More businesses expect taxes to rise rather than fall after the next general election, according to research from accountancy and business advisory firm BDO.
BDO surveyed more than 500 businesses ahead of the upcoming Autumn Statement and found that more than quarters of businesses expect to pay the same or higher taxes after the next general election.
The mood seems to have shifted from earlier this year when a similar BDO survey in July found that 61 per cent of businesses thought that the UK’s business tax environment would improve after a general election.
“There appears to be a growing — some might say grudging — acceptance among businesses that the current high levels of business taxation may be here to stay and could even rise post the general election,” said Jonathan Hickman, tax partner at BDO.
With tax cuts unlikely to be on the agenda at the Autumn Statement, survey respondents said that investment in HMRC service levels should be the chancellor’s top priority.
This came ahead of calls for simplifying tax rules and cutting government spending, according to the BDO survey.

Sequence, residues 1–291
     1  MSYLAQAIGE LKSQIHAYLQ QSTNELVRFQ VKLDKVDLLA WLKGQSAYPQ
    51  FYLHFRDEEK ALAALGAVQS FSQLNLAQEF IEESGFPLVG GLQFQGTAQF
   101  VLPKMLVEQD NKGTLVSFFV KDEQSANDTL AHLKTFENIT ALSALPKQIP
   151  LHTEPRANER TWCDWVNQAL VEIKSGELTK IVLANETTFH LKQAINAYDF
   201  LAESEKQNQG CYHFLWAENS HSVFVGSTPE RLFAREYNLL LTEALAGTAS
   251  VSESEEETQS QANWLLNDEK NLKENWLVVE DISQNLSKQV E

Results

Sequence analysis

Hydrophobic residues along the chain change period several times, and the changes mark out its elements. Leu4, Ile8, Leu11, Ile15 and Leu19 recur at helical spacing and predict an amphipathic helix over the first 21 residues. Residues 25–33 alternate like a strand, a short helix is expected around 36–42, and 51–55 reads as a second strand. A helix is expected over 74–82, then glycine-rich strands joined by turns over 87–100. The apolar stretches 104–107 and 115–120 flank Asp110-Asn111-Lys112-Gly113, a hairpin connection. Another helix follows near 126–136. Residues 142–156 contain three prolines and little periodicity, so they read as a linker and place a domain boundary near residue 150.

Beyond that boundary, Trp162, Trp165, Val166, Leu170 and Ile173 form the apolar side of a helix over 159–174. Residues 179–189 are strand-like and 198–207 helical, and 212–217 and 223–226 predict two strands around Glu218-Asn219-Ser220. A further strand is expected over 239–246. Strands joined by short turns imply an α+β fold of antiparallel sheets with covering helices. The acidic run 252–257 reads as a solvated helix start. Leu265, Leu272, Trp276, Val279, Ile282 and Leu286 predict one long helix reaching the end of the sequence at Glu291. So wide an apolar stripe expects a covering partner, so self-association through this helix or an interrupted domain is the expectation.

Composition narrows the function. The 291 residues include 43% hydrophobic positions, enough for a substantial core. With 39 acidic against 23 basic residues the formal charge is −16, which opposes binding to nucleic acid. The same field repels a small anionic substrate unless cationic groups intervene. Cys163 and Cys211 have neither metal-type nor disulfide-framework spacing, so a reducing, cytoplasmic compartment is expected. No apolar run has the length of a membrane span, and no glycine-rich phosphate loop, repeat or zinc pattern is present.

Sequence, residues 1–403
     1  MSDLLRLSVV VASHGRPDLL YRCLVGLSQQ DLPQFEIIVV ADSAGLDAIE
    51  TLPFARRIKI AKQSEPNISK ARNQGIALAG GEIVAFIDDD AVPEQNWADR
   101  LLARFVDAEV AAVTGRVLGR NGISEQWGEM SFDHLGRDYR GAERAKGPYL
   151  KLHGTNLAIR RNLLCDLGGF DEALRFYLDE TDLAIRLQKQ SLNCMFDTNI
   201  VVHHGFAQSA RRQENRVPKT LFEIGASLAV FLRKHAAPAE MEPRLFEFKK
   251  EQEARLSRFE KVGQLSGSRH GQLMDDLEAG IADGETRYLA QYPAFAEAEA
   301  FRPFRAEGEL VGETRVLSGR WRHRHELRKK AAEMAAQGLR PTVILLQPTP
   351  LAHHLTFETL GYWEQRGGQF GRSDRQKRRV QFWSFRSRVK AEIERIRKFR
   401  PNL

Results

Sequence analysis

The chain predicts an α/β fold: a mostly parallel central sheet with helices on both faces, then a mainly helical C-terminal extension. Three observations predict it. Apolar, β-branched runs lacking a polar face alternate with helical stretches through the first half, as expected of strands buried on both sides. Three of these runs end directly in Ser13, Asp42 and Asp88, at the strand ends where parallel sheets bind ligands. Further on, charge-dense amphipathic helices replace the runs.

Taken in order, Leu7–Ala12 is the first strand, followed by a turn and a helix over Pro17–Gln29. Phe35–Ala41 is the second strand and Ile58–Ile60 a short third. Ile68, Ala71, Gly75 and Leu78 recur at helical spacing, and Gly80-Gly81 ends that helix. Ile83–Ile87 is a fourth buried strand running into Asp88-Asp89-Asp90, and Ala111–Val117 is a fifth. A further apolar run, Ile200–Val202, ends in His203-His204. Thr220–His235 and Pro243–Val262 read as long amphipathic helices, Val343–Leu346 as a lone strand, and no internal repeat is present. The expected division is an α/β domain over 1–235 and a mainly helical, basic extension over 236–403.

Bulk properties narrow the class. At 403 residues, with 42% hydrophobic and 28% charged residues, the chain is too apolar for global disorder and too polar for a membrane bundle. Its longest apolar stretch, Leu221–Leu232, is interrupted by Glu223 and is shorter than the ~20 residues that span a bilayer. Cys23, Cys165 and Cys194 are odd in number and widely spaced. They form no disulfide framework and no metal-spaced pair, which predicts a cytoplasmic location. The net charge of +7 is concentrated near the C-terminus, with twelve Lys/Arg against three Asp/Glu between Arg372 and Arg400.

When asked what tax changes the chancellor should introduce once economic conditions improve, the most popular call was for new green tax breaks. This came ahead of demands to cut the headline rate of corporation tax, to make the 100 per cent first year capital allowance permanent and to cut employers’ national insurance contributions.
Taxes remain at a decades-long high, with Treasury officials keen to make a dent in the UK’s substantial borrowing pile — already high before the pandemic but now sitting at multiples.
Despite the significant uptick in tax as a percentage of GDP, public services continue to decline in terms of performance and efficiency according to recent reports from the Institute for Government.